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SUMMARY OF DISCOURSE XXV.
PSALM LXXVII.-VERSES 9, 10.
THE text shows that the author of this psalm was manifestly under great dejection of mind when he penned it; as he speaks of himself here and in the following verses as deserted of God, and preyed on by the sorrows of his own tormented heart. The particular grief is not mentioned; the sting of it however lay in this, that the Psalmist apprehended himself to be forsaken of God, which is doubtless the most insupportable and incurable of all afflictions, and one which neither medicine nor reason can assuage; for the soul refuses to be comforted. These fears and sorrows belong not to the vicious and profligate, who have not God in all their thoughts: they live without reflection, and therefore without concern, and can be diverted by hearing or seeing what modest and humble sinners suffer from a sense of religion: but their day of fear is not far off; and when it comes, it will convince them that the heart of the wise is in the house of mourning; but the heart of fools is in the house of mirth. There is a great difference between the misgivings and misapprehensions of a religious.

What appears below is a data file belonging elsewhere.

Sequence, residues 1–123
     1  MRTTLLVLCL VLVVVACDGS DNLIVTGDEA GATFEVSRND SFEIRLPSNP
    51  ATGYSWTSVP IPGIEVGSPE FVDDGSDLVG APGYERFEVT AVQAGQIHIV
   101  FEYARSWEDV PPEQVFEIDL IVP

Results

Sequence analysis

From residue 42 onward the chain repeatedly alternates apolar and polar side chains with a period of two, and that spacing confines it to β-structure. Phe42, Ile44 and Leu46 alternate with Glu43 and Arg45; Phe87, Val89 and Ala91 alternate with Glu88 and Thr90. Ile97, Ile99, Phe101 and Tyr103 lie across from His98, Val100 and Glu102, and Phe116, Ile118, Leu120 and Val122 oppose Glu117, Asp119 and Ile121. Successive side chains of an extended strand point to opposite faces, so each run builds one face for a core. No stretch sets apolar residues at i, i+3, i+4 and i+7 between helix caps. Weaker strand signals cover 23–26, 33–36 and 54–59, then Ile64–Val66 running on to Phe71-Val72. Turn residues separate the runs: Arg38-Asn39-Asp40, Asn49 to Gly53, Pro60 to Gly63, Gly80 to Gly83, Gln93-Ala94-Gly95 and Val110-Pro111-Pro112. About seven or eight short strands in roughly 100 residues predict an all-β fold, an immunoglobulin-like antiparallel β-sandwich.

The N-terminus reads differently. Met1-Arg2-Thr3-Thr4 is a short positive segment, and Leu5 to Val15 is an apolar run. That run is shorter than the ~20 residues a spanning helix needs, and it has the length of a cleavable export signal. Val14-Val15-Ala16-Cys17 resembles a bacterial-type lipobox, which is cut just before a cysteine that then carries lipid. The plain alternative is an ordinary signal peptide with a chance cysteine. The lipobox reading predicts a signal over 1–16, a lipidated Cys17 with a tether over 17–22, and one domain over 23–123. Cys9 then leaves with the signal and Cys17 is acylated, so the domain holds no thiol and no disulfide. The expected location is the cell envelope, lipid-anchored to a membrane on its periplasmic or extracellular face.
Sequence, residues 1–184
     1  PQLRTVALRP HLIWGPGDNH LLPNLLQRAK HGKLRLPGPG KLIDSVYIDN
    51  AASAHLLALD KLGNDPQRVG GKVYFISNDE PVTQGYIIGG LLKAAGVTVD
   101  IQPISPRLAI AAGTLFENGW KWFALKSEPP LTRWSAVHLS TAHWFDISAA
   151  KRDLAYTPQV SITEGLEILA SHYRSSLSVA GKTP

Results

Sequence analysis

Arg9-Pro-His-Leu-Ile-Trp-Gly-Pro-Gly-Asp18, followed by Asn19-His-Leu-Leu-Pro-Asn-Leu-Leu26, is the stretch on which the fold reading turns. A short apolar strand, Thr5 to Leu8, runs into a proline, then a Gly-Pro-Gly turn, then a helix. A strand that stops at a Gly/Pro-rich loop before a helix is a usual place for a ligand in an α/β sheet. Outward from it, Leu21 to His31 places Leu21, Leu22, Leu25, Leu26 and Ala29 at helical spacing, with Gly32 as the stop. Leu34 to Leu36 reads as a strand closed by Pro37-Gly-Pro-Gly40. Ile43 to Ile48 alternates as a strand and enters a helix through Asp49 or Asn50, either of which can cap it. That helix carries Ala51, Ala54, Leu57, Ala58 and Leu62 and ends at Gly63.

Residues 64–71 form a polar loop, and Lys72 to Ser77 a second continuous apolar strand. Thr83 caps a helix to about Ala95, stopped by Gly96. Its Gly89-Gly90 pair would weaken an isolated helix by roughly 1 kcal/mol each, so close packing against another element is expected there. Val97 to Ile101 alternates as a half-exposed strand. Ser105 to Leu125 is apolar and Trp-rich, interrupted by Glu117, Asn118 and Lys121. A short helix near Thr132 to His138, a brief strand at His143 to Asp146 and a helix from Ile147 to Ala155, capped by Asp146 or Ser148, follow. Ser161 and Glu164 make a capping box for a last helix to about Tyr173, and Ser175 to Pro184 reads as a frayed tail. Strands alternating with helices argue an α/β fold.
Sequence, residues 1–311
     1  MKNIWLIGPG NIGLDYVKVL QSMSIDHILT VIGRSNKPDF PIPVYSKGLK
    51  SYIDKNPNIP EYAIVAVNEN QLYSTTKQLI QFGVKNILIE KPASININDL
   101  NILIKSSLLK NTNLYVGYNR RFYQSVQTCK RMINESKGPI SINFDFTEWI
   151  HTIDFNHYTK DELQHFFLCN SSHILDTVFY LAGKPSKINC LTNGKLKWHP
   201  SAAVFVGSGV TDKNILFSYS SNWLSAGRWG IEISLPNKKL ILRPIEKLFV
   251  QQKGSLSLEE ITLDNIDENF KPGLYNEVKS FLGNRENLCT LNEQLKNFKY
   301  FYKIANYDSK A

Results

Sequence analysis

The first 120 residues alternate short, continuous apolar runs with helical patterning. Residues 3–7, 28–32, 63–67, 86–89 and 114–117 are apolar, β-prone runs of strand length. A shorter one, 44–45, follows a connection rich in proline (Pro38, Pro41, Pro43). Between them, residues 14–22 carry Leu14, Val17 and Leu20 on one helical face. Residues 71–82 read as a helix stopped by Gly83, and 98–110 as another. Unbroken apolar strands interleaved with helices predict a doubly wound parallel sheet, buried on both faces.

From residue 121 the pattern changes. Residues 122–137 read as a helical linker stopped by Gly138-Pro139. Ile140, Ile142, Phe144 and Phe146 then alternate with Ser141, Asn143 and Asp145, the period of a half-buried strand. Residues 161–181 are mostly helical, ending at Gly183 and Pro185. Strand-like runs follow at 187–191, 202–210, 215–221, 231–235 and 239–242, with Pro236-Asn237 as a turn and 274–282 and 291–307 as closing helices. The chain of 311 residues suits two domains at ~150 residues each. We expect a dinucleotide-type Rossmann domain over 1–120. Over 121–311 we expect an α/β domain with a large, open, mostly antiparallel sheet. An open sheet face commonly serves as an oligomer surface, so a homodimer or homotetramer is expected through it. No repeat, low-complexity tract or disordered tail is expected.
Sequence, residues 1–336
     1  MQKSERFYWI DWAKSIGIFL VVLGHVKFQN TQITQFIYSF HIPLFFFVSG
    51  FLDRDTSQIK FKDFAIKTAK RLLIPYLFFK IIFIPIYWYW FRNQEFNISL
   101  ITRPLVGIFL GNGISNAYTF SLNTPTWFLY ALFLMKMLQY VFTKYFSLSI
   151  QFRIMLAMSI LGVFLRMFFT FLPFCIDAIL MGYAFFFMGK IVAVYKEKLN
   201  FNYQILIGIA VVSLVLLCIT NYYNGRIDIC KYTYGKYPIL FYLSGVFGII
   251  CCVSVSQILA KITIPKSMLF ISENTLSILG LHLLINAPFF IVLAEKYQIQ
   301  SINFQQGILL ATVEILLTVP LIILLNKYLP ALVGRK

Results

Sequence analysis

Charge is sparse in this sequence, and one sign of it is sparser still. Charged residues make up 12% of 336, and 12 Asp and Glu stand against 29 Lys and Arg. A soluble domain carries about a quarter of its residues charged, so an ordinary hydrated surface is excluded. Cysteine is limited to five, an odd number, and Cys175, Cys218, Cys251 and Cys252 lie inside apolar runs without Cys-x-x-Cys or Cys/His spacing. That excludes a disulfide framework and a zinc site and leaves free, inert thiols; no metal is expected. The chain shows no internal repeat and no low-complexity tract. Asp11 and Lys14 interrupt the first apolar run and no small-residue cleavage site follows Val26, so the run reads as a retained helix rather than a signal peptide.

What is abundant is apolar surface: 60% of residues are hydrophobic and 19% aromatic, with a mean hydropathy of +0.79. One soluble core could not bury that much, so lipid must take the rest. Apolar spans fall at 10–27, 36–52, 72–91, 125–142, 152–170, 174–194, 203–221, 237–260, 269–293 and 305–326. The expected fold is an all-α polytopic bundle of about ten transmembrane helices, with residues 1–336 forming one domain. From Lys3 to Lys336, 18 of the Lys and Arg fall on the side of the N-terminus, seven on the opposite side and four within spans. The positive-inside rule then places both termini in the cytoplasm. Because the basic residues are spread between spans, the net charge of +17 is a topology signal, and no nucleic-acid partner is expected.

mind, and the fear which sinners often experience: this difference explained; whence we can distinguish between the fears to which religious men are subject, and the fears of the guilty; the former of which alone our text leads us to consider. The Psalmist manifestly speaks of the sorrows of a well-disposed heart, from the description which he gives of his conduct under distress; though he might doubt as to his own condition, and the favor of God towards him, yet of the being, power, and wisdom of God he never doubted. This faith was the sheet-anchor of his salvation. A consideration of this afflicted good man's train of thought, and of what he regarded his only comfort and support, recommended. Whether the calamities which afflicted him were public or private, yet as long as his thoughts dwelt on them, and led him to expostulate with God for the severity of his judgments, he found no ease nor relief: a weak man cannot judge rightly of the actions of a man wiser than himself; much less can a man judge of the ways of God, to whose councils he is not admitted: this topic enlarged on. Since then it is weakness to complain, and folly to judge, of the methods of God's providence, what part must we take? Must religion be senseless and stupid, and shut out all reflexion on the ways of God? No: one way is open to us; to trust and depend on God; which is so far from being senseless and stupid, that in the pursuit of it we shall see opening before us the noblest views which reason or religion can afford. The method here prescribed is that which the Psalmist prescribed to himself. God has not left himself without witness: the great works of nature and of grace proclaim his loving kindness to men; hence we must admire his power and adore his goodness; and therefore throw ourselves on his protection. Here then was the comfort of the Psalmist here the cure of his grief, though the scene around him was dark and gloomy. The text then leads us to consider: I. that all complaints against Providence proceed from